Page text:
E. Shelley Hwang, MD, MPH
The routine use of screening mammography has drastically increased the identification of ductal carcinoma in situ (DCIS) over the past 3 decades. However, results from current research suggest that many cases of DCIS have a low risk for progression and thus may not require surgical excision and radiation therapy.
TABLE. Change in Size-Specific Incidence of Breast Cancer After Introduction of Screening Mammography
Surgery or Radiation for Low-Grade, Low-Recurrence Score DCIS?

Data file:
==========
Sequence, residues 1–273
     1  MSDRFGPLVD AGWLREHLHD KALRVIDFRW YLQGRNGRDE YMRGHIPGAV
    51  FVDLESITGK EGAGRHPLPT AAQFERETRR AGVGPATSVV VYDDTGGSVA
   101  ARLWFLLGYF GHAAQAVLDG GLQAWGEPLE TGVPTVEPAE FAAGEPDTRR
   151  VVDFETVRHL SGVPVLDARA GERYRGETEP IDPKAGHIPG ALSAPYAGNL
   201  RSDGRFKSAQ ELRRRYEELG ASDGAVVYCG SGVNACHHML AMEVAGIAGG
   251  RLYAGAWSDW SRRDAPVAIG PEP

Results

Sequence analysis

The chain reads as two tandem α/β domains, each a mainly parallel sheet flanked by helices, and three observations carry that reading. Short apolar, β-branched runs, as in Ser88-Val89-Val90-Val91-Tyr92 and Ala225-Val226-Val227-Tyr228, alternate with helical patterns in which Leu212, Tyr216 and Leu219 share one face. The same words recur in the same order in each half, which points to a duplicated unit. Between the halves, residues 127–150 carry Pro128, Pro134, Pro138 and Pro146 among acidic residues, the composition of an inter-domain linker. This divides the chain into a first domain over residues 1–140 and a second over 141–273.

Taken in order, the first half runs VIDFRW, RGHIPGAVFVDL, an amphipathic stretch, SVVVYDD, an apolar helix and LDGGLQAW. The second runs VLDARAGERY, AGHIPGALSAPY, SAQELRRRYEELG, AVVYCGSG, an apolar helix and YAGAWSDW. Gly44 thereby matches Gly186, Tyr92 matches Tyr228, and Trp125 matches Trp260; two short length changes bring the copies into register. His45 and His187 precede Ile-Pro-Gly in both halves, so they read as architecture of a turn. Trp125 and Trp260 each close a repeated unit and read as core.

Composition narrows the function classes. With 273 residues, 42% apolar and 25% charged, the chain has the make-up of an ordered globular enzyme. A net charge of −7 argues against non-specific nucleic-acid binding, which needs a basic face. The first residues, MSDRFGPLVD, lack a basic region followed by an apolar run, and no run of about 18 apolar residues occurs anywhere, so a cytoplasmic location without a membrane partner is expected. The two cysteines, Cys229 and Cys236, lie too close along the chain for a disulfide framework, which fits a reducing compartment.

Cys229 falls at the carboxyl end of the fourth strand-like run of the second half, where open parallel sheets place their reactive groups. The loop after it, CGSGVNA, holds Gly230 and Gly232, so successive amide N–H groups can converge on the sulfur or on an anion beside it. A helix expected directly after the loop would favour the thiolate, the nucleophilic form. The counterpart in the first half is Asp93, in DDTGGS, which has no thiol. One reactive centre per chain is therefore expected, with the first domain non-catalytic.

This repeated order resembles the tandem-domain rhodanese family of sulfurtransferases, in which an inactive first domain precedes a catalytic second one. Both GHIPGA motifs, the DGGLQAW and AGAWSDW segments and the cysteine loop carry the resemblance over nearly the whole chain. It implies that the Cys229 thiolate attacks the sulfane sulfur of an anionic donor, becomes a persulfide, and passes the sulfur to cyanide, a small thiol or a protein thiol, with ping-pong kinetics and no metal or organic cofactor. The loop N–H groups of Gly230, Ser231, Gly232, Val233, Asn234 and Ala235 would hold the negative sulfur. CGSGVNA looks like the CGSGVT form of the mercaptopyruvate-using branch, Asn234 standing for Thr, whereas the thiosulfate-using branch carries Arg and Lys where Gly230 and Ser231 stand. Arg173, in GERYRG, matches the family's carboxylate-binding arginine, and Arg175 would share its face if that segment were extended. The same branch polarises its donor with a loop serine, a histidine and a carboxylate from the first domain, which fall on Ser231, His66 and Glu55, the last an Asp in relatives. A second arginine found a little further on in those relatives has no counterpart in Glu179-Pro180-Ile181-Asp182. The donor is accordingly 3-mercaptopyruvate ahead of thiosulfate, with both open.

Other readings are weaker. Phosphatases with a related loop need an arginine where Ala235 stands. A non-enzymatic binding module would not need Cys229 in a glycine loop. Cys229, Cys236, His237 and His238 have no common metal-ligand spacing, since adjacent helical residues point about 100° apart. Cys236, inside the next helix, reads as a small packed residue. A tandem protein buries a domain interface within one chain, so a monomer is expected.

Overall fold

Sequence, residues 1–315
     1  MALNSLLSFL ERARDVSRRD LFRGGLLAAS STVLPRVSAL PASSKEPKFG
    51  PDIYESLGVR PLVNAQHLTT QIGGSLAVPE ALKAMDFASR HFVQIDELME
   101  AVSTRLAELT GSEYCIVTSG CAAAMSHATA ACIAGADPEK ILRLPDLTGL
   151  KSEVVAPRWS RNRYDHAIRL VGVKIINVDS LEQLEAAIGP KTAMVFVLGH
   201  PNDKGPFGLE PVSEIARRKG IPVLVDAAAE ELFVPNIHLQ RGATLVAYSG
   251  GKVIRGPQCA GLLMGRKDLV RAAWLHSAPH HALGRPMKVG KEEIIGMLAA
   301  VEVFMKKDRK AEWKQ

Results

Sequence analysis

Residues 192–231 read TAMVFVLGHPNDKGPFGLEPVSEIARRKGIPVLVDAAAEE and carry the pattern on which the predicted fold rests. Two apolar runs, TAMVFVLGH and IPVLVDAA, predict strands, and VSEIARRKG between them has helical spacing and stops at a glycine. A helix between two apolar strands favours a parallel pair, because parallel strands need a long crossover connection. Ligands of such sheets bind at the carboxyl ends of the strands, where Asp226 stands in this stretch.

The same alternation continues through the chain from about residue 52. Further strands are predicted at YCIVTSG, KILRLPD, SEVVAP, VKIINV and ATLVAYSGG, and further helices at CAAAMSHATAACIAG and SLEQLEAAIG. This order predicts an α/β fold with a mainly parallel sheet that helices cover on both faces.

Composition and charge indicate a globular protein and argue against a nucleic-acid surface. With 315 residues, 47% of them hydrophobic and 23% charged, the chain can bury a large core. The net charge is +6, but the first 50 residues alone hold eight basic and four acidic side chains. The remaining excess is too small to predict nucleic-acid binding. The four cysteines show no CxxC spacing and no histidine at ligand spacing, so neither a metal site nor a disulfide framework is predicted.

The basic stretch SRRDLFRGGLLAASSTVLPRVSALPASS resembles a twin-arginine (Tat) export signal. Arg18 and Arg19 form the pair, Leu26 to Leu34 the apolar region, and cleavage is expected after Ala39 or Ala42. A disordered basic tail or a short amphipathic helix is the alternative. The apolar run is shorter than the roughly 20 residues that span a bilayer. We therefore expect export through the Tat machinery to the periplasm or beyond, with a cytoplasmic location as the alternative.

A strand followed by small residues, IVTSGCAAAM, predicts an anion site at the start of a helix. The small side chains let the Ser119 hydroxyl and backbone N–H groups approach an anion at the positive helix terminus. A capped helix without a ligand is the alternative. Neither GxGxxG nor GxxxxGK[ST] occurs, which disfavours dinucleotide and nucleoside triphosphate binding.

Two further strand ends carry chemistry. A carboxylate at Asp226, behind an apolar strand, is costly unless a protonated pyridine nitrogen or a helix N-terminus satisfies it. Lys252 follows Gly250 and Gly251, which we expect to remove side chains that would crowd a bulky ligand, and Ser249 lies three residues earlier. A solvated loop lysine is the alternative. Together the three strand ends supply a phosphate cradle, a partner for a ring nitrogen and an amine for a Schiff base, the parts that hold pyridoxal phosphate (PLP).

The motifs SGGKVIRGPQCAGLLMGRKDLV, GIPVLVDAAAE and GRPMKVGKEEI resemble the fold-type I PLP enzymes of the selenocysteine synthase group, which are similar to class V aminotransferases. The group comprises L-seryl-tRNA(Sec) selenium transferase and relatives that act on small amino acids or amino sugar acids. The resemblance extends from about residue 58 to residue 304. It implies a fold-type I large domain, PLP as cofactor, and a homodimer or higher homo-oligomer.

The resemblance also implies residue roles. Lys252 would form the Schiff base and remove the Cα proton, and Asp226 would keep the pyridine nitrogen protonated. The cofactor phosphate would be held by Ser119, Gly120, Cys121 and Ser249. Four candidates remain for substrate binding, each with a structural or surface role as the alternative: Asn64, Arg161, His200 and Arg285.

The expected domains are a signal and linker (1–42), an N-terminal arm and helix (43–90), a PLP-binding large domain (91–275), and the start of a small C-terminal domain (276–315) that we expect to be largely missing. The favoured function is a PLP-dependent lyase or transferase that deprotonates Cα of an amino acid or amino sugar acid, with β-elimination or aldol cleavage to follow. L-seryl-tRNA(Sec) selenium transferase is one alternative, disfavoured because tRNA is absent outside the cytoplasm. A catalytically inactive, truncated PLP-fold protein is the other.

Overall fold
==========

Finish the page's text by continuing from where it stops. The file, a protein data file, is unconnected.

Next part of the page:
Although early detection of DCIS enables patients to receive treatment before the cancer becomes invasive, Anees B. Chagpar, MD, MSc, MPH, MA, MBA, pointed out that some patients are treated for low-grade precancerous lesions that probably would not develop into invasive cancers or affect longevity. “If they had never known about those lesions, they could have just as well lived their life,” said Chagpar, associate professor in the Department of Surgery at the Yale School of Medicine and the assistant director for global oncology at the Yale Comprehensive Cancer Center. “Now they are undergoing all kinds of treatments for these lesions, and is that really necessary?”
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